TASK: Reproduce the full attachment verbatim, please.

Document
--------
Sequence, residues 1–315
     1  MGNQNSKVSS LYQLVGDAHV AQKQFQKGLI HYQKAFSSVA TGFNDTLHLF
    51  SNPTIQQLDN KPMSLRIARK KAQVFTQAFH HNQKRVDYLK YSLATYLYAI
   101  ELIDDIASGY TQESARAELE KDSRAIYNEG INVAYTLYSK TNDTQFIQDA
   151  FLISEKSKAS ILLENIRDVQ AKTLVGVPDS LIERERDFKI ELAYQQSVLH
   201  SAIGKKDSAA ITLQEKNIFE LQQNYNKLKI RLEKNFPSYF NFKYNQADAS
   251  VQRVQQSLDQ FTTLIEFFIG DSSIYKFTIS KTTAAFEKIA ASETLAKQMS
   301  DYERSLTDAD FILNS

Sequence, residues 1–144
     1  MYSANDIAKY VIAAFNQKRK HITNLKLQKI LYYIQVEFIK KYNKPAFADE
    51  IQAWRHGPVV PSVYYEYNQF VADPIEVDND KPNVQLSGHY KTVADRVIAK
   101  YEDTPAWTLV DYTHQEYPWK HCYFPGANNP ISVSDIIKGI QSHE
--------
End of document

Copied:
Sequence, residues 1–315
     1  MGNQNSKVSS LYQLVGDAHV AQKQFQKGLI HYQKAFSSVA TGFNDTLHLF
    51  SNPTIQQLDN KPMSLRIARK KAQVFTQAFH HNQKRVDYLK YSLATYLYAI
   101  ELIDDIASGY TQESARAELE KDSRAIYNEG INVAYTLYSK TNDTQFIQDA
   151  FLISEKSKAS ILLENIRDVQ AKTLVGVPDS LIERERDFKI ELAYQQSVLH
   201  SAIGKKDSAA ITLQEKNIFE LQQNYNKLKI RLEKNFPSYF NFKYNQADAS
   251  VQRVQQSLDQ FTTLIEFFIG DSSIYKFTIS KTTAAFEKIA ASETLAKQMS
   301  DYERSLTDAD FILNS

Sequence, residues 1–144
     1  MYSANDIAKY VIAAFNQKRK HITNLKLQKI LYYIQVEFIK KYNKPAFADE
    51  IQAWRHGPVV PSVYYEYNQF VADPIEVDND KPNVQLSGHY KTVADRVIAK
   101  YEDTPAWTLV DYTHQEYPWK HCYFPGANNP ISVSDIIKGI QSHE